SEOUL, South Korea—Asian shares tracked an overnight rally on Wall Street, though Japan’s Nikkei 225 index ceded early gains as the yen rose against the US dollar.
Japan’s Nikkei 225 lost 0.7 percent to 21,244.68 after gaining more than 1.0 percent earlier in the day. Hong Kong’s Hang Seng index added 1.4 percent to 29,884.06 and the Shanghai Composite Index advanced 1.0 percent to 3,185.86. South Korea’s Kospi rose 1.1 percent to 2,395.19. Australia’s S&P/ASX 200 rose 0.6 percent to 5,855.90. Share benchmarks in Southeast Asia and New Zealand were all higher.
US stocks finished higher on Monday. The Standard & Poor’s 500, the benchmark for many index funds, gained 1.4 percent to 2,656. The Dow climbed 1.7 percent to 24,601.27 and the Nasdaq composite advanced 1.6 percent to 6,981.96. The Russell 2000 index of smaller-company stocks rose 0.9 percent to 1,490.98.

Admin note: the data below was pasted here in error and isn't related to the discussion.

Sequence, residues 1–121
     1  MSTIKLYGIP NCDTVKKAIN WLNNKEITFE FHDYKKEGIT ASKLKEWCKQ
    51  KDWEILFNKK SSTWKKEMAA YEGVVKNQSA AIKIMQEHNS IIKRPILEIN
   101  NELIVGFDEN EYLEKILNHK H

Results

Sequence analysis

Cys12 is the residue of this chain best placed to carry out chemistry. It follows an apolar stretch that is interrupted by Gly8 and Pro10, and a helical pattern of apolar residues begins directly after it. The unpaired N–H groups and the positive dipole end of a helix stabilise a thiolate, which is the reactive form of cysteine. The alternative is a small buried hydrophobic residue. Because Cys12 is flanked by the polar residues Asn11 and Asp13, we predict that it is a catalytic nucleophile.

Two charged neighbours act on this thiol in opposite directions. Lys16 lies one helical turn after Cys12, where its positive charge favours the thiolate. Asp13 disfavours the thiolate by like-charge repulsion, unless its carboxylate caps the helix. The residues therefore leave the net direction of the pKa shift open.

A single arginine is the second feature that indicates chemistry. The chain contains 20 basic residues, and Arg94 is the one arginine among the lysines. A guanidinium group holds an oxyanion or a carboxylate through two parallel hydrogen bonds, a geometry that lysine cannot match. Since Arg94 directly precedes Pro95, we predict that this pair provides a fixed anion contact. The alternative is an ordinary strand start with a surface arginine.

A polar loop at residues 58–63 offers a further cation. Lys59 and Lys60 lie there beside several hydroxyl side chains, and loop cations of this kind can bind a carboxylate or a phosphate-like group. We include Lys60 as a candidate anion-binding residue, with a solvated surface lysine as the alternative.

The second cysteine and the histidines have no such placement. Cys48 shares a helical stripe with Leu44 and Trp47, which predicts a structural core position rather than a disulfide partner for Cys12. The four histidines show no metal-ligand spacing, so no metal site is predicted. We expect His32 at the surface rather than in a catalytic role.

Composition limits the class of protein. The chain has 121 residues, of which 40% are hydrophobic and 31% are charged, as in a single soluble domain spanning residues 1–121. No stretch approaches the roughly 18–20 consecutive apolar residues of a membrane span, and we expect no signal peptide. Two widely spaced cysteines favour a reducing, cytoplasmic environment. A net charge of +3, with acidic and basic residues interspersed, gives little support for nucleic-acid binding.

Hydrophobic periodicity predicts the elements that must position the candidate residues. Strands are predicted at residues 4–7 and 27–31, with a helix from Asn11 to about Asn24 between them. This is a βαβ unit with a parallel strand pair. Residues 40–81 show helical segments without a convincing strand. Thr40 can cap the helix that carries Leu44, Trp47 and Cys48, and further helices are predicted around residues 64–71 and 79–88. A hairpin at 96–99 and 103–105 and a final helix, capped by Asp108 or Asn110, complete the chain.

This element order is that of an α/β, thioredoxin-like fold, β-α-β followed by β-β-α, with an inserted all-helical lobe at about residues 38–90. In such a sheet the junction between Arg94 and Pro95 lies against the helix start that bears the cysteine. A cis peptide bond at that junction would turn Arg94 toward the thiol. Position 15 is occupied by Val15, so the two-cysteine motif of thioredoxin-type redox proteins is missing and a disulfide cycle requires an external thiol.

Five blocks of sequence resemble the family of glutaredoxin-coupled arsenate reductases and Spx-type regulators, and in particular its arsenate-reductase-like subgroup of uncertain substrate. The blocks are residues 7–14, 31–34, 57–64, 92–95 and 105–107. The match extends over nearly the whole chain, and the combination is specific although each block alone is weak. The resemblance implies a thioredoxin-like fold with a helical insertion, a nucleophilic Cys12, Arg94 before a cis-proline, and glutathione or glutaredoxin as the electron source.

Investors remain wary of turbulence. It took just nine days for stocks to plunge 10 percent from their latest peak, which was reached on January 26. A drop of that size is known on Wall Street as a market “correction.” According to LPL Financial, it was the swiftest move from a record high to a correction in the history of the S&P 500. The index rose 1.5 percent last Friday but still wound up with its worst weekly loss in more than two years.
A key question is whether the correction has already hit bottom, said Jingyi Pan, a market strategist at IG.
“Nevertheless, the worst is likely not over for this week for the simple reason that we have US CPI sitting as a mammoth event risk this week,” Pan said, referring to the Wednesday release of US consumer price index data for January.